The Jacksonville Sheriff’s Office held a public forum Tuesday night to hear input on its proposed body camera program, but at least some residents are not holding their breath that the pending equipment will bring with it a new wave of transparency.
A group of about 80 people, predominantly black, gathered in the Milne Auditorium at Edward Waters College to express their concerns that the body cameras won’t actually move the needle on what they perceive as a lack of openness between the Sheriff’s Office and the city’s black communities. They also asked for the whereabouts of some notable no-shows, including Sheriff Mike Williams and Mayor Lenny Curry.
The question of attendance was first raised by Denise Hunt, who was critiquing the Sheriff’s Office for its use of a video at the beginning of the presentation that showed a black suspect chased down and apprehended by police officers. Hunt and other attendees said the use of that video in the demonstration furthered the stereotype that all criminals in Jacksonville are black.
“There is an unequal balance of portraying black criminals,” Hunt said, before adding abruptly, “By the way, where’s the sheriff at?”
Hunt’s observation drew cheers and applause. She added, “Where’s the mayor at? They should have been here.”
Lauri-Ellen Smith, the sheriff’s assistant, was in attendance. Director Tony Davis, who heads the Sheriff’s Office department of police services, promised to pass along any concerns to Sheriff Williams.
Other recurring concerns included the question of whether officers would be allowed to review body camera footage before writing reports and whether civil rights advocacy groups and the public will have the chance to shape policy on the use of the equipment.
Many residents said an underlying lack of trust with the Sheriff’s Office, which predates any body camera efforts, makes it hard for them to trust law enforcement as the sole possessors of the unedited body camera footage.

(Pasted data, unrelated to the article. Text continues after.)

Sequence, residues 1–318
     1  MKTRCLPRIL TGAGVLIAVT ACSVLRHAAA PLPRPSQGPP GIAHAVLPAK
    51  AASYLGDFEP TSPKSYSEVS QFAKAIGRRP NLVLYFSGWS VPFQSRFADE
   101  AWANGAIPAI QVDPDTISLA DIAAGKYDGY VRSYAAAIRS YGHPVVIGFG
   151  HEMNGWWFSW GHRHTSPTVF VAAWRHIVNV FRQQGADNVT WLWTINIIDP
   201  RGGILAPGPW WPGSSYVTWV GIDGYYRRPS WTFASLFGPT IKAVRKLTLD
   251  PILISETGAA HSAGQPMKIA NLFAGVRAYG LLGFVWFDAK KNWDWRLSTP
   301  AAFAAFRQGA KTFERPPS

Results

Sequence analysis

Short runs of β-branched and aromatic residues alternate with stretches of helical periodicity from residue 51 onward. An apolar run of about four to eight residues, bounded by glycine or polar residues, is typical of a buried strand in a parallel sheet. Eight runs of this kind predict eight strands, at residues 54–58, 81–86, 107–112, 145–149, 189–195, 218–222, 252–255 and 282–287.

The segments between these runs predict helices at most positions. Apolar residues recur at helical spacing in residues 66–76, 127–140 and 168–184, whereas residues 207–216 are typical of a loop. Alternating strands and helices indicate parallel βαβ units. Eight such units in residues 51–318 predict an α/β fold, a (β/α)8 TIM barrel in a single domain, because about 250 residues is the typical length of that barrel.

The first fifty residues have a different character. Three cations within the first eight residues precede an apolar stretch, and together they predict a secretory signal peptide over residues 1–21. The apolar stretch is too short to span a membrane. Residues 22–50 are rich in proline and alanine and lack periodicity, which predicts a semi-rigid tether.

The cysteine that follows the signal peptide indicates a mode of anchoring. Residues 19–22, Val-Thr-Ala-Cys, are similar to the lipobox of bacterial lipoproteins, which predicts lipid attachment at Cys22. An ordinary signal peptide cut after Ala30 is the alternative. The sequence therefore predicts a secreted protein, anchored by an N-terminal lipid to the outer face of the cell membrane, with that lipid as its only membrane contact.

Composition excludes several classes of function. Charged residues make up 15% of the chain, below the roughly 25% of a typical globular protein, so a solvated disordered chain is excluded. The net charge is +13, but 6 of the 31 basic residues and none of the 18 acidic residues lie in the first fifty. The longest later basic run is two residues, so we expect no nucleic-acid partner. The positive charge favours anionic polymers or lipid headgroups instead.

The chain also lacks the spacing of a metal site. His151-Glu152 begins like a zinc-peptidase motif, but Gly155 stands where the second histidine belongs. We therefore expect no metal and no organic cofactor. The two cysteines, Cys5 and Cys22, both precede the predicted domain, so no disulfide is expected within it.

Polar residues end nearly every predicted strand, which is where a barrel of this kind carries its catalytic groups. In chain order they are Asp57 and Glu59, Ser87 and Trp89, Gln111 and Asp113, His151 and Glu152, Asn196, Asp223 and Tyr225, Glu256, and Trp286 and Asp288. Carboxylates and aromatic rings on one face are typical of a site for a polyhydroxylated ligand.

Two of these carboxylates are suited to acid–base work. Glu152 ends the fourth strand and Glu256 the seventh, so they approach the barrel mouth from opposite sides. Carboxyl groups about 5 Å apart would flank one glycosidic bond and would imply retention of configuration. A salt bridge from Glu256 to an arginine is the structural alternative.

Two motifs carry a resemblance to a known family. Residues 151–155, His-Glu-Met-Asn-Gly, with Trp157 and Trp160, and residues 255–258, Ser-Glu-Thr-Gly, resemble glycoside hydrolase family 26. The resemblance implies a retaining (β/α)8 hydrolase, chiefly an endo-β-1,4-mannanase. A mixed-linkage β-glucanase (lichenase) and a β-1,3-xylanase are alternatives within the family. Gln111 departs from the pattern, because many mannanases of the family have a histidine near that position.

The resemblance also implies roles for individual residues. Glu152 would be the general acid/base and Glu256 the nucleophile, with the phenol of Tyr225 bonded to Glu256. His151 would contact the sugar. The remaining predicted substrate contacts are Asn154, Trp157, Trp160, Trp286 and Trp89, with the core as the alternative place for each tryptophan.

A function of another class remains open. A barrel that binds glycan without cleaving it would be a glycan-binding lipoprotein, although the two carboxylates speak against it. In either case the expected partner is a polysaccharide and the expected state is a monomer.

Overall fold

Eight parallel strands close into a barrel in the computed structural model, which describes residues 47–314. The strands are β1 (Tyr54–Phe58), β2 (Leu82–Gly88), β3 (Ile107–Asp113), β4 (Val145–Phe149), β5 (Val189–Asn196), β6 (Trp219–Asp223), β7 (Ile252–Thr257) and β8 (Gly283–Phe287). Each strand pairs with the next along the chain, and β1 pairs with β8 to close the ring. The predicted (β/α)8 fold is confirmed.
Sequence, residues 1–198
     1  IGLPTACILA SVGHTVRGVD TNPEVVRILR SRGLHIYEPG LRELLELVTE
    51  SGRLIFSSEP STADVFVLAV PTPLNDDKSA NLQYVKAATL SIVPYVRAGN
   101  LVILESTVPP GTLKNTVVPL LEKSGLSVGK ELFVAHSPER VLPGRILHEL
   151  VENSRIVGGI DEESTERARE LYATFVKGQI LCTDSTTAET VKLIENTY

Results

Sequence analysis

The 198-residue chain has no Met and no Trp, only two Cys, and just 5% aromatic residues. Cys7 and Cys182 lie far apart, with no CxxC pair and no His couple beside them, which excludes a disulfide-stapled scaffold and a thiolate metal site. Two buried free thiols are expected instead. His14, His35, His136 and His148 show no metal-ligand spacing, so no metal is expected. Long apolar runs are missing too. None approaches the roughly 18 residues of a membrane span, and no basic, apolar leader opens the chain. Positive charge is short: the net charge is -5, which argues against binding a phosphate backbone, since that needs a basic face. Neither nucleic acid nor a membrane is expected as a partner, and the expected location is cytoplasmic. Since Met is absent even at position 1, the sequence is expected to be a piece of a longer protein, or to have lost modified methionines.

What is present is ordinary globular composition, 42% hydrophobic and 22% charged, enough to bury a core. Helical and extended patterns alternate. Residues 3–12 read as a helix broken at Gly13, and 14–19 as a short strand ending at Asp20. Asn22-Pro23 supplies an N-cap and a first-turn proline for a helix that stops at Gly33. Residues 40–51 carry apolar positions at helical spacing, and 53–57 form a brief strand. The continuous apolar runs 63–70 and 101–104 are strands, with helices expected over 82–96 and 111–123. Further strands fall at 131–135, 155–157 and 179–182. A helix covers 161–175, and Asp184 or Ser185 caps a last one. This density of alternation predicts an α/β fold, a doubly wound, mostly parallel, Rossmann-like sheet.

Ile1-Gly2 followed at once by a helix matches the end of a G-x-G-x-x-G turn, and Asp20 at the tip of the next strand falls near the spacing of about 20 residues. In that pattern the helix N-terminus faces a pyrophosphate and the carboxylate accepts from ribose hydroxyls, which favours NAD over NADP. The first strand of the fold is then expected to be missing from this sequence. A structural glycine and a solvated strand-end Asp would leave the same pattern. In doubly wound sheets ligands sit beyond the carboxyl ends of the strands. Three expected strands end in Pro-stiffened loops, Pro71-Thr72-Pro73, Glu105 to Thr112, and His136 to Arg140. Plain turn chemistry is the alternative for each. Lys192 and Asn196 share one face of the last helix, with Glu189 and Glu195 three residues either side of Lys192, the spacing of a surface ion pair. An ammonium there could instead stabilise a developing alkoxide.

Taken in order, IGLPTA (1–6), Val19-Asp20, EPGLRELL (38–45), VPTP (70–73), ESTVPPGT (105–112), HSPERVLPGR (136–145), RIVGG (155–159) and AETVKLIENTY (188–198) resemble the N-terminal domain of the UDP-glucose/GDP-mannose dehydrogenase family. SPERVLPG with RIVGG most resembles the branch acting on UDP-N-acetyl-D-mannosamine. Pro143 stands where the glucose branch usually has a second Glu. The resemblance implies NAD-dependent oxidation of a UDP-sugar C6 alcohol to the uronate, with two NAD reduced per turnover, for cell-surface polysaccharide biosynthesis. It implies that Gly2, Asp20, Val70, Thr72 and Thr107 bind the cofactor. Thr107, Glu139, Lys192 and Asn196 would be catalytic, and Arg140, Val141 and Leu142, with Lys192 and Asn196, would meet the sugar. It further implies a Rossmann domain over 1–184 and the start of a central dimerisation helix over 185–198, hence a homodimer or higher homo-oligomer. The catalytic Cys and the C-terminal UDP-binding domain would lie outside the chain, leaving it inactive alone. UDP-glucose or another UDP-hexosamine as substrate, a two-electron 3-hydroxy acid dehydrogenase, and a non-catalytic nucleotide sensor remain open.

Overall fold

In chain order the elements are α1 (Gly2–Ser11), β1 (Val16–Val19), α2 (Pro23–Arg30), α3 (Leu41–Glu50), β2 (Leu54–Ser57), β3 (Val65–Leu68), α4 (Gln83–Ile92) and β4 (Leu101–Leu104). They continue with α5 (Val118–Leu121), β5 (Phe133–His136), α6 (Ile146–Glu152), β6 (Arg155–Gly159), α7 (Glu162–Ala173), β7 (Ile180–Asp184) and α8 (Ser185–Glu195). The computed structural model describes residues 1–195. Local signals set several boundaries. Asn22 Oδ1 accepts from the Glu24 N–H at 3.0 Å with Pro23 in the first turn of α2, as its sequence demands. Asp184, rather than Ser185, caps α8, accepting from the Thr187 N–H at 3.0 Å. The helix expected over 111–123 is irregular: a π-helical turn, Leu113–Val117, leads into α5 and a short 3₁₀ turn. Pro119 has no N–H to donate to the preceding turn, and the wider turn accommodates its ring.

“The issue before us is not really about body cams,” said Ben Frazier, spokesman for the Southern Christian Leadership Conference. “The issue is about trust. That’s what this is really about.”
Other civil rights groups showed up as well, including the American Civil Liberties Union, whose regional director Samir Gupte asked Davis why the Sheriff’s Office declined to create a community task force to streamline public input and better enable it to influence policy.
Davis responded that the Sheriff’s Office preferred the approach of holding public forums instead.
“It’s not limited to a task force, it’s open to anyone and everyone in the community that wants to come,” Davis said.
Before the question and answer session, details were presented to the public that echoed the first presentation by the Sheriff’s Office on its research and plans for a body camera program, which was given to the City Council a month ago. The sheriff attended that presentation.
The City Council update, however, was overshadowed after the police union president, Steve Zona, announced that he would be filing a complaint with the state agency that settles union disputes. Zona argued that the implementation of any body camera program would trigger collective bargaining with the union, contrary to what Sheriff Mike Williams announced at the City Council presentation earlier that day.
A week ago, the City Council unanimously approved a $2.7 million upgrade to the Sheriff’s Office’s internet technology equipment in preparation for the body camera pilot program.
Ben Conarck: (904)359-4103
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